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Dreaded DCM and Diet: What's the Deal?




The FDA conducted a study back in 2018 that initially linked "boutique brands" of Grain-Free Dog Food to a heart condition called Dilated Cardiomyopathy (DCM). Since then, the FDA has put out a total of five updated reports that ultimately culminated in being UNABLE to establish a link between Grain-Free Diets and DCM.


In fact, on December 23, 2022 the FDA put out a statement on its website stating that the "FDA does not intend to release further public updates until there is meaningful new scientific information to share....While adverse event numbers can be a potential signal of an issue with an FDA regulated product, by themselves, they do not supply sufficient data to establish a causal relationship with reported product(s). [Source 1]"


So where did this all come from then? According to an AP News article dated July 23, 2022 there may have been some initial bias for the origins of the study. A six-month long investigation was conducted and it was found, through Freedom of Information Act requests, that some of the information for the FDA study may have been cherry-picked to paint certain manufacturers within the pet food industry in a better light against "boutique, exotic-ingredient, or grain-free" (BEG) diets. Who are these big manufacturers? Hill’s Pet Nutrition, Nestlé Purina PetCare, P&G Pet Care (now Mars), and Royal Canin. Why does this matter? Because one of the initial supporters of the study, animal nutritionist Dr. Lisa Freeman from Tufts University’s Cummings School of Veterinary Medicine, had been receiving research funding, given sponsored lectures for, and/or provided professional services to those aforementioned manufactures. Two additional veterinarians, Darcy Adin from the University of Florida College of Veterinary Medicine and Joshua Stern from the University of California, Davis School of Veterinary Medicine, had also been providing information for the study and had also been receiving funding from Purina PetCare and Hill's Pet Nutrition [Source 2].


If conflict-of-interest wasn't enough to lessen the credibility of this study on DCM's link to BEG Diets, let's look at the reported case numbers within the study itself.


"For the purposes of this investigation, the FDA defines a “case” as an illness reported to FDA involving a dog or cat that includes a diagnosis of DCM. Many of the reports submitted to the FDA included extensive clinical information, including echocardiogram results, cardiology/veterinary records, and detailed diet histories. The numbers below only include reports in which the dog or cat was diagnosed with DCM by a veterinarian and/or veterinary cardiologist. We did not include in these numbers the many general cardiac reports submitted to the FDA that did not have a DCM diagnosis. [Source 1]"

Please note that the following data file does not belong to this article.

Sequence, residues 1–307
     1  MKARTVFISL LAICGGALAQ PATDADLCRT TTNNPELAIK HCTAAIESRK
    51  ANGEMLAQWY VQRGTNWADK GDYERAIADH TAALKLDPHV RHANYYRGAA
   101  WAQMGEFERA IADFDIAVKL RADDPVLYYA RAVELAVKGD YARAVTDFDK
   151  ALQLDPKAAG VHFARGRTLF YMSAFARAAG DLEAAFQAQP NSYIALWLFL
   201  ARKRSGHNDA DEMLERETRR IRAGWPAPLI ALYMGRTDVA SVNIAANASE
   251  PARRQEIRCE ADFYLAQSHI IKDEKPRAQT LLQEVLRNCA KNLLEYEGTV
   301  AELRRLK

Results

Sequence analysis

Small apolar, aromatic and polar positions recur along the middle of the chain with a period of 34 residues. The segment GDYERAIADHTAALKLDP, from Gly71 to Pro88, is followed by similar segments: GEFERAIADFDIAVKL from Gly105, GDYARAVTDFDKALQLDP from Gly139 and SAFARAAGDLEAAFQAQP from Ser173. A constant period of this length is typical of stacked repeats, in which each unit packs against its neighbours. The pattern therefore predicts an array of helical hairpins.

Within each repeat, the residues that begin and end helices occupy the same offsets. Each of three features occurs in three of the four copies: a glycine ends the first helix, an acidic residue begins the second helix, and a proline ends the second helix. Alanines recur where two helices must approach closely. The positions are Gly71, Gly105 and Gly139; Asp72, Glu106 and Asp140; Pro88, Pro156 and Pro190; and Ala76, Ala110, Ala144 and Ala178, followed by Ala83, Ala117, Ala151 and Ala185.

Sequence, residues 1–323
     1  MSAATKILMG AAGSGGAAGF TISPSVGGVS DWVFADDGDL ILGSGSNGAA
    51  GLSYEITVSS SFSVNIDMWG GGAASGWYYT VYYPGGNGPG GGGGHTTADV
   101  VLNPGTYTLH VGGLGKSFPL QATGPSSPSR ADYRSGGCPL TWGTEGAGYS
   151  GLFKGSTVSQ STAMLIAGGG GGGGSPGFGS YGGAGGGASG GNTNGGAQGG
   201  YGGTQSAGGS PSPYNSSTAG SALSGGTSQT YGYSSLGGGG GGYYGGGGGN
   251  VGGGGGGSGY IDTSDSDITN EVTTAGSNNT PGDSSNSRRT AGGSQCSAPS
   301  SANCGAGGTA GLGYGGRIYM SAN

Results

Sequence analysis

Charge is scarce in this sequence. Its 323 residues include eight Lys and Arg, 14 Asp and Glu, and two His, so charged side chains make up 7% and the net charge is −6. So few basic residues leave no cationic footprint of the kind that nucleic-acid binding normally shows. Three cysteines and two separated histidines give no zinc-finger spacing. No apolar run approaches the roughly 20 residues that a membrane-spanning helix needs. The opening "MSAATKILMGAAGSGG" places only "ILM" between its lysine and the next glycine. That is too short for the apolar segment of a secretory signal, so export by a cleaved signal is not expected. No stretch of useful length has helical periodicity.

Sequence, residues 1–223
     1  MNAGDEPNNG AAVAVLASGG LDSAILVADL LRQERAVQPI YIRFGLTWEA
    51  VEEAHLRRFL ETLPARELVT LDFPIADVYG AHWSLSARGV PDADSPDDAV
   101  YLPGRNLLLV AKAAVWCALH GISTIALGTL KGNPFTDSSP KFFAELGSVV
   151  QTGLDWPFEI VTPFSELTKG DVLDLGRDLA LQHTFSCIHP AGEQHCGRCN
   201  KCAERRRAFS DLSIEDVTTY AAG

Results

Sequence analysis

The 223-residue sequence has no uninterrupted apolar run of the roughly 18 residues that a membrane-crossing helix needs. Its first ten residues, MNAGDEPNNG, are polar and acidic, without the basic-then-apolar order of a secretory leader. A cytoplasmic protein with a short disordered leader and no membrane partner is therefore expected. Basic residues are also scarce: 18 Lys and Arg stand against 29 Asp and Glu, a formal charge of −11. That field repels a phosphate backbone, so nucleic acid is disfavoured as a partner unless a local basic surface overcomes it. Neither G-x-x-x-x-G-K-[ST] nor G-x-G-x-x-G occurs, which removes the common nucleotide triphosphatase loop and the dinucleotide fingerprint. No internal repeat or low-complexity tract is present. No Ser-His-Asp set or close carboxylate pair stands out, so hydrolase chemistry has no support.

So how many reports were submitted? "Between January 1, 2014 and April 30, 2019, the FDA received 524 reports of involving 560 dogs and 14 cats diagnosed with DCM. The FDA additionally received many reports of non-DCM cardiac disease in dogs and cats during this timeframe. [Source 3]" The American Veterinary Medical Association (AVMA) estimates that there are 77 million pet dogs in the United States as of 2018, a number that has likely increased since [Source 4]. 560 dogs may seem a lot until you put that number against the sheer volume of dogs within the United States- 0.000727272727% percent of dogs within the United States were represented in this study.... less than 1% of dogs in the country! How is that an accurate representation? Furthermore, the very nature of DCM is immensely complex with various factors to take into consideration. "Historically, DCM has been primarily linked to a genetic predisposition in certain breeds, but emerging science appears to indicate that non-hereditary forms of DCM occur in dogs as a complex medical condition that may be affected by the interplay of multiple factors such as genetics, underlying medical conditions, and diet. Aspects of diet that may interact with genetics and underlying medical conditions may include nutritional makeup of the ingredients and how dogs digest them, ingredient sourcing, processing, formulation, and/or feeding practices. [Source 5]"


When you take into account the above information (and sources provided for further research below), you can see how blindly re-sharing information is detrimental to consumers. When you take into account what dogs TRULY need in their diet, it's even more outlandish. Dogs are facultative carnivores, meaning that they thrive on a carnivorous diet but can do well on a non-carnivorous one. Our dogs don't need grains- nor do they need pulses and legumes. Most commercial dog foods on the market today are loaded with fillers and ingredients meant to keep manufacturing costs down. Knowing how to read a dog food nutrition label is imperative as a dog-owner or professional. Knowing that wet ingredients move down the ingredient list after processing will teach you that just because a brand lists chicken as it's number one ingredient means that the second, third, and maybe fourth ingredient listed (if dry ingredients) are the primary ingredients in the recipe. If dogs are meant to be carnivores, why are we feeding them diets where grains, meals, and by-products are the most prevalent ingredients? So many dog foods available have plant-based proteins as the primary protein sources for their recipes once everything is broken down- not animal-based proteins that dogs need. We need to educate ourselves better for the sake of our pets!


Do your own research and feed the best quality food that you can for what you can afford, and don't buy into fearmongering from corrupt and inconclusive studies.


-Brittany Dunbeck

Constellation Canine

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